Picture of a family on top of a mountain

Get Outdoors: Nature for Stress Management

Whether it’s hiking Bald Mountain, kayaking on First Lake, or just relaxing by the fire at their Old Forge camp, Eve Van de Wal, who resides in Oneida County, has found that being outdoors in nature does her mind and body good.

“Just a walk, a hike, or snowshoeing at a leisurely pace is amazing exercise,” she explained. “You don’t even feel like you are working out because it’s so beautiful and so enjoyable.”

There are many aspects of a healthy lifestyle that you can include and promote by simply stepping outside.

Get Busy Relaxing

For Eve, her husband, Dale, and their family, escaping into the Adirondacks to enjoy the benefits of nature has been a family affair. It started for Eve when she was a young girl born and raised in the Utica area.

The tradition of visiting the mountains, forests, and streams in the Adirondacks, with its vibrant blend of public and private lands, created wonderful memories for the Van de Wals as they enjoy all that nature has to offer.

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“There is never a time that we are bored or can’t find something to appreciate outside when we are there. We keep busy with the boat, fishing, walks, hikes… but it’s a busy that always feels relaxing,” she explained.

Nature for Stress Management

In fact, the Adirondack High Peaks and hundreds of miles of diverse waterways have had such a positive impact on Eve that she has also noticed an improvement to her physical health.

“I have high blood pressure and try to take care of myself, and stress management is part of it. I never feel like I am stressed, but as soon as I get in my car and head to Old Forge, I can feel a difference in my overall wellbeing with the tension relaxing in my neck and shoulders.” Eve explained. “The time I spend hiking or just relaxing outside with a book is something beneficial that I do for myself without even realizing it.”

Research supports exactly what Eve and her family have experienced, said Amanda Shanahan, RD, Employee Wellbeing Manager, Excellus BlueCross BlueShield.

Contact with nature recharges our brain allowing us to better cope with the stresses of life,” Amanda said. “Our brains and bodies are often overtaxed with the everyday demands of modern life. Our brains don’t have to work the same way to pay attention to nature which allows time for restoration. The result can mean improved mood, creativity, concentration and stress relief.”

Other benefits of being outdoors:

Protect your bones – Sunlight hitting the skin eventually leads to the creation of vitamin D in your body.  Something we all need to protect us against osteoporosis and other diseases. Just 10 – 15 minutes a few times a week with the sun hitting your arms and legs is all that is needed.  If you’re going to be out longer, put on the sunscreen!

Age gracefully – Older people that get out every day stay healthy and functioning longer.  Studies have shown that those who have contact with nature have fewer complaints of aches and sleep issues along with other health-related problems.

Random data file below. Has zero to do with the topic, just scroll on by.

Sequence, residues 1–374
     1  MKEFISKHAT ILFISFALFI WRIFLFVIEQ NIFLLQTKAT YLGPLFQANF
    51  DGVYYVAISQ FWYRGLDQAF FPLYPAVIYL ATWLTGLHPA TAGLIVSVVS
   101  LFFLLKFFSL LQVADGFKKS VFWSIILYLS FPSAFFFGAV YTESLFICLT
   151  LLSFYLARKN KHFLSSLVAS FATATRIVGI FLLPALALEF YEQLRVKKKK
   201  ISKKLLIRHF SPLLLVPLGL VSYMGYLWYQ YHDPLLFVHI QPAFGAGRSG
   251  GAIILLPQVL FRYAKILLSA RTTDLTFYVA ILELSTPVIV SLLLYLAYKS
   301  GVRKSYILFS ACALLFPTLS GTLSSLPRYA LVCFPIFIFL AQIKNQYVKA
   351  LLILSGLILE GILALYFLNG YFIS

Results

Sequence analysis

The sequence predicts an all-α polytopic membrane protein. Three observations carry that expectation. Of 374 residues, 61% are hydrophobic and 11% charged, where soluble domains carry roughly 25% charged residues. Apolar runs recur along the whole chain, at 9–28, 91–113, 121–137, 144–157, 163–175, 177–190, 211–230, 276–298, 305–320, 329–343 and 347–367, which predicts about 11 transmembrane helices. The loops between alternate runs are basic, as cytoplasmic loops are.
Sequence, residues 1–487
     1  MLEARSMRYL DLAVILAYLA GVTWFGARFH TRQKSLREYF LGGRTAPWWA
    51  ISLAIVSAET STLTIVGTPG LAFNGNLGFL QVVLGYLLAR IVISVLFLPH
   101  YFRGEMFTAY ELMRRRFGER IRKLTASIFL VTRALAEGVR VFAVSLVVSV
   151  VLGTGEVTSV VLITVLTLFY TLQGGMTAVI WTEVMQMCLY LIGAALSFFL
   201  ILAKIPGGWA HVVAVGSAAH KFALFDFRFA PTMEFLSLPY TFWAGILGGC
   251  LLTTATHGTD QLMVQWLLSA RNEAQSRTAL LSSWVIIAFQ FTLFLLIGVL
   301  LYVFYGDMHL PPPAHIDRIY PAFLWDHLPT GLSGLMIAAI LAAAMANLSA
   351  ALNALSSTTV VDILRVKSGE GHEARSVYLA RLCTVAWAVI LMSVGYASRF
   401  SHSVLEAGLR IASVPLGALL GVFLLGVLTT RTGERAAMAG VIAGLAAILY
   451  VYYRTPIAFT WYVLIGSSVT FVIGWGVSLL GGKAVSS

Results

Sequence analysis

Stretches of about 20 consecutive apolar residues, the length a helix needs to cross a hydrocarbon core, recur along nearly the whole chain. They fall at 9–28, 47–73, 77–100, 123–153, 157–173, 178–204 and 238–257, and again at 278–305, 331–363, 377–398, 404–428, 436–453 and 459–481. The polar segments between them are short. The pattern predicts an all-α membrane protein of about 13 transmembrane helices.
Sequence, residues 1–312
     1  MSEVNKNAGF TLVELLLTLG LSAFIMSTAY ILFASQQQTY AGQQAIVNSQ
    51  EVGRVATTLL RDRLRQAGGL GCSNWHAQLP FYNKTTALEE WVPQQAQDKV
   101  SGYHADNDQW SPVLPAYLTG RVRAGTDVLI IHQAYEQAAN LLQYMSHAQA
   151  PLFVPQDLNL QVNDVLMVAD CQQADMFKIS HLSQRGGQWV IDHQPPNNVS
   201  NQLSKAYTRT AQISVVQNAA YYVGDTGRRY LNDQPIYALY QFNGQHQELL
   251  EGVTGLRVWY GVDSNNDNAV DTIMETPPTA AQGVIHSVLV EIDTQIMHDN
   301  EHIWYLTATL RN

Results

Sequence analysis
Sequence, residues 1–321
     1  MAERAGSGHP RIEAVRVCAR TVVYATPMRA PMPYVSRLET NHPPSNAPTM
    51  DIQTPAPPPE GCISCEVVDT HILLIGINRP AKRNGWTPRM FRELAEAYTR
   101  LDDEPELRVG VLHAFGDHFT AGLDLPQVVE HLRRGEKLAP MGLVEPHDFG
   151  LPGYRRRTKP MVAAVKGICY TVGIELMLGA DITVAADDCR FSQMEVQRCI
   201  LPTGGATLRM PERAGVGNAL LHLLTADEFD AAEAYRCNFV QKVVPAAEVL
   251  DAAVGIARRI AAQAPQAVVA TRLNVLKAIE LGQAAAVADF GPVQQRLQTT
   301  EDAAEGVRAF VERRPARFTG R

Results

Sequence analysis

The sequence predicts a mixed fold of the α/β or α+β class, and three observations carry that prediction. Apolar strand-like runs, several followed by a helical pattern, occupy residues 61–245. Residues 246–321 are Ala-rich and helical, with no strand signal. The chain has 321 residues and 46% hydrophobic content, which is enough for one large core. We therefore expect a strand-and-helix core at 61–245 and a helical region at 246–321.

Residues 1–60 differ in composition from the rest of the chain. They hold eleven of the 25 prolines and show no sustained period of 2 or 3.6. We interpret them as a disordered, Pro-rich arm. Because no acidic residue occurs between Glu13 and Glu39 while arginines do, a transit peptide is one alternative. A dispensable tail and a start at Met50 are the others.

Enjoying the Outdoors with Care

While busy enjoying the benefits of the sunshine and fresh air, Eve said she is always mindful that there are dangers to keep in mind. She said it’s important to follow certain preventive measures.

“It’s important to take steps to prevent diseases associated with the outdoors like Lyme Disease and skin cancer,” she said.

The US Centers for Disease Control and Prevention (CDC) reports that, in 2018, New York state had close to 2,500 confirmed Lyme disease cases. Lyme disease is a bacterial disease transmitted by an infected tick. When caught early, Lyme disease can be treated with antibiotics. The best way to fight tick-borne illnesses is by preventing them in the first place. Dr. Nicholas Massa, medical director at Excellus BlueCross BlueShield, offers these simple, yet effective, tips to avoid getting this disease:

  • Wear long sleeves and pants outdoors
  • Use insect repellent
  • Check everyone, including pets, when you return, and quickly remove any ticks you find

Dr. Massa also warns of the dangers of skin cancer, the most common cancer of those in the United States. Keep these tips in mind provided by the Skin Cancer Foundation and CDC when outdoors:

  • Seek shade under an umbrella, tree, or other shelter before you need relief from the sun
  • When possible, long-sleeved shirts and long pants and skirts can provide protection from UV rays
  • For the most protection, wear a hat with a brim all the way around that shades your face, ears, and the back of your neck
  • Wear sunglasses to protect your eyes from UV rays and reduce the risk of cataracts. They also protect the tender skin around your eyes from sun exposure
  • Apply broad-spectrum sunscreen with at least SPF 15 before you go outside, even on slightly cloudy or cool days

Nature is all around you

Eve and her family have created countless memories in the Adirondacks. What are your favorite outdoor locations in New York state? For some it may be the beautiful Letchworth State Park, renowned as the “Grand Canyon of the East”  and one of the most scenically magnificent areas our area. Perhaps it’s Buttermilk Falls State Park, which takes its name from the foaming cascade formed by Buttermilk Creek as it flows down the steep valley side toward Cayuga Lake.

Comment below and share with us where nature takes you!

Erika Gruszewski

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